Dr Sunday Omotayo, Chairman of the Medical and Dental Consultants Association of Nigeria (MDCAN) in government hospitals in Ondo State, says the Muhammadu Buhari led-government boosted the health sector.
Omotayo, who spoke with the News Agency of Nigeria ( NAN) on Thursday in Akure, said the sector had progressed despite some challenges encountered by the administration.
“For me, I will say so far so good, we may not be there yet but we are not where we were in the health sector.
“In the last eight years, we have had the emergence of specialised universities called the University of Medical Sciences.
“For us in the health sector, it is a big plus. These universities will train medical personnel thereby addressing the shortage of admission space for potential medical students, ” he said.
According to him, many people wanted to study medicine but the admission space was not enough.
Omotayo explained that the medical specialised universities would create jobs, especially for health workers.
He stated that the teaching hospitals of the newly established specialised universities would also render high standard of healthcare services to the communities.
The MDCAN Chairman said that the outgoing administration had also increased the hazard allowance of health workers.
“Before this administration, they had been paying N5,000 per month to health personnel.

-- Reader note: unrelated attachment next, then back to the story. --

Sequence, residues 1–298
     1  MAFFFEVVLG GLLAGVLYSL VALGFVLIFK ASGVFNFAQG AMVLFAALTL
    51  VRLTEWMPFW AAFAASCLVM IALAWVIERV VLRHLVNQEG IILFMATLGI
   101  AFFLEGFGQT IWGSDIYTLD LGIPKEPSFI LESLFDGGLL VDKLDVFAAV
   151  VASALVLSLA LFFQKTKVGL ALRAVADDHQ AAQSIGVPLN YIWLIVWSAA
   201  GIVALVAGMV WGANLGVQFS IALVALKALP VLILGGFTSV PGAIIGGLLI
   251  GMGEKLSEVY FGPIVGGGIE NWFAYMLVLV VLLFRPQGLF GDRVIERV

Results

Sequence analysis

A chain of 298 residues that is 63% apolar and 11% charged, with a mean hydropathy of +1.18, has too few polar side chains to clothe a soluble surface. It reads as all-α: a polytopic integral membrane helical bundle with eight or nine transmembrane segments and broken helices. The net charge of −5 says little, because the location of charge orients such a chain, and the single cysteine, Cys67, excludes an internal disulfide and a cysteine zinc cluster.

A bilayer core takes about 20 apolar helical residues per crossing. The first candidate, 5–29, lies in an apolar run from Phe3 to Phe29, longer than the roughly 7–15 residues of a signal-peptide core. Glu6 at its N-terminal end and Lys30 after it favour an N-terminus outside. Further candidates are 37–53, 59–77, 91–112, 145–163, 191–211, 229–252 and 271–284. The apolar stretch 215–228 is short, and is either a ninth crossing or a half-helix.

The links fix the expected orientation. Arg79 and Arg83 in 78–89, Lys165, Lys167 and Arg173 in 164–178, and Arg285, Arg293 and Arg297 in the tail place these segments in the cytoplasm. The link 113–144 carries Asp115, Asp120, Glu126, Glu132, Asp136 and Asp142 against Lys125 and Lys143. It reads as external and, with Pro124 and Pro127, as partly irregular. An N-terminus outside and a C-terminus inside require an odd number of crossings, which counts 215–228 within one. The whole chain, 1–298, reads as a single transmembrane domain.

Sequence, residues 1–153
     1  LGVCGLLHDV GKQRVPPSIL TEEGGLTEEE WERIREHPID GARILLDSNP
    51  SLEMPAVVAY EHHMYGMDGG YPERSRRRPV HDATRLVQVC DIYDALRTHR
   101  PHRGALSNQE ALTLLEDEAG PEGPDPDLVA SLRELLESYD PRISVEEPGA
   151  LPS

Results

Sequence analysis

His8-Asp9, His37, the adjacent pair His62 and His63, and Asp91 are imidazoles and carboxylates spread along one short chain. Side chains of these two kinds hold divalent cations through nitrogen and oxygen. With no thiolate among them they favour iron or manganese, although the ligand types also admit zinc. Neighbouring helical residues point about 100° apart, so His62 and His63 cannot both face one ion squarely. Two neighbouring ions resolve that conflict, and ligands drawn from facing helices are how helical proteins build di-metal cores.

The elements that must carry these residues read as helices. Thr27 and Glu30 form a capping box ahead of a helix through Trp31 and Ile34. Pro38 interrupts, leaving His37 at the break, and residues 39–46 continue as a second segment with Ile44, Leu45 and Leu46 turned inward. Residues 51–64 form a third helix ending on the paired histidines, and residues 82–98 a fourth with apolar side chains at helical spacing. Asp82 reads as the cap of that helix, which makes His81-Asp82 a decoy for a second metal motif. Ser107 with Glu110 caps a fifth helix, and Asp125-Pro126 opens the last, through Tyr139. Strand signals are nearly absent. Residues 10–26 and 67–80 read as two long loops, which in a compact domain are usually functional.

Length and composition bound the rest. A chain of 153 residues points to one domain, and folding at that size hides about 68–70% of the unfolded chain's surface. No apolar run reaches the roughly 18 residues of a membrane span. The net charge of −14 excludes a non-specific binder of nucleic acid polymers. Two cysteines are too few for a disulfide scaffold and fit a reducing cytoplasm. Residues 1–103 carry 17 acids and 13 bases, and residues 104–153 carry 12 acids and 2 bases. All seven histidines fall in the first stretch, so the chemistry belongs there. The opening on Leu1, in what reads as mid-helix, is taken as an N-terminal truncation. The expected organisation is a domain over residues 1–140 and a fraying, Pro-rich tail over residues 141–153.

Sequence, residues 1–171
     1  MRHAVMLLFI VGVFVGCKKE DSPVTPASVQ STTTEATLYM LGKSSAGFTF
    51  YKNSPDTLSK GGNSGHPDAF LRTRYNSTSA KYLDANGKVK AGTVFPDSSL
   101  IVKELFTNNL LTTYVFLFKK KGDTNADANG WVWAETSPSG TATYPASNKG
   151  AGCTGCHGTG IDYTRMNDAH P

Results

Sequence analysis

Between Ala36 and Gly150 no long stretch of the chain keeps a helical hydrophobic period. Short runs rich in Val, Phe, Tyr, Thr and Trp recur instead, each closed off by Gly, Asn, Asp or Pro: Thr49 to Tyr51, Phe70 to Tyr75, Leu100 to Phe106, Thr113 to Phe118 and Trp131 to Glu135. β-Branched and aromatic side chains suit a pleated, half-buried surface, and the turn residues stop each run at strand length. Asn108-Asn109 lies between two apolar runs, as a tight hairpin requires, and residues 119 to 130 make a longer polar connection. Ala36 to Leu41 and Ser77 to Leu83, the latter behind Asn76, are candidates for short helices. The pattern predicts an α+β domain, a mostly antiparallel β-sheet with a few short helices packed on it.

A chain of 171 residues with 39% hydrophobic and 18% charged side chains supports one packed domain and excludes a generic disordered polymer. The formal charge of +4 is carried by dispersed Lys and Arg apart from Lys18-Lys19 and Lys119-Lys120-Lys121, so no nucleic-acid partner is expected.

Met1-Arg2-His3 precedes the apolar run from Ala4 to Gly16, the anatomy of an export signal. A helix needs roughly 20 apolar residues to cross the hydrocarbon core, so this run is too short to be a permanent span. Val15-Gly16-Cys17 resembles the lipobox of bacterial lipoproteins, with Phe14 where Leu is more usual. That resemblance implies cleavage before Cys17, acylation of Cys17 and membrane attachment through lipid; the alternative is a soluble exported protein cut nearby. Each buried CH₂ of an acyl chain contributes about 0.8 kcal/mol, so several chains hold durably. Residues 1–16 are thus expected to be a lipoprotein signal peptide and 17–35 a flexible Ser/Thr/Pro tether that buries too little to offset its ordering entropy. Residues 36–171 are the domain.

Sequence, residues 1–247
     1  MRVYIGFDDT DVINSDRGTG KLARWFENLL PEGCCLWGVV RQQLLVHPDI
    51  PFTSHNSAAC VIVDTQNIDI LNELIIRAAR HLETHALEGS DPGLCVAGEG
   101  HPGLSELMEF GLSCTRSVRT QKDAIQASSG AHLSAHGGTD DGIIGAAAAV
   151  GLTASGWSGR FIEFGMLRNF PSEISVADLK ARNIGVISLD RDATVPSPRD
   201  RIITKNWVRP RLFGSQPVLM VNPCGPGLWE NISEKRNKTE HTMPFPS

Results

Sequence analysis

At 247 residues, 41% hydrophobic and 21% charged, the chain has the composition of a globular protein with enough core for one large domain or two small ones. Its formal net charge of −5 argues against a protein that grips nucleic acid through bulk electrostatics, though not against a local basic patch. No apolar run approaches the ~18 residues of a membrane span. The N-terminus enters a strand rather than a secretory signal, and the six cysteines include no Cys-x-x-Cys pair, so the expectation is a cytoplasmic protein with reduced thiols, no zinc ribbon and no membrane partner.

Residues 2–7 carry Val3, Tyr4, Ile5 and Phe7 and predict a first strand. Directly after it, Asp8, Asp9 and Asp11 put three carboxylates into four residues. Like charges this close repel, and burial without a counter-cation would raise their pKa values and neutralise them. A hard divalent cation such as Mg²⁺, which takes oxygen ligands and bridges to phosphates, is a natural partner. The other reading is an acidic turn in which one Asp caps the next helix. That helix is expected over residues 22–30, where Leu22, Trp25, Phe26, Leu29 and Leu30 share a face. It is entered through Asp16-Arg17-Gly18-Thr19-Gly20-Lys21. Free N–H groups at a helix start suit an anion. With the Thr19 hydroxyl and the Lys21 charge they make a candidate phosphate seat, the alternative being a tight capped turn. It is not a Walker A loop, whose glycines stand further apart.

“But this administration increased it to N50,000. It may not be enough but at least, it’s different from what we used to have,” he said.
Omotayo added that the Buhari government established some hospitals to address medical tourism.
He said: “This administration has attended to the primary healthcare provision fund.
“It was legislated that a percentage of money from the federal government should be set aside to fund primary healthcare.
“This is also a plus because there will be funds dedicated to primary healthcare.”
According to MDCAN Chairman, the residency training which had been clamoured for over years had been passed by the National Assembly.
“ This legislation will make provision for dedicated funds for residency training.
“It is also a plus because that is one of the things responsible for resident doctors’ strikes in the past,” he said.
Omotayo described the trending brain drain in the sector as something not limited to the country and blamed it on the global economic recession.
credit: PM News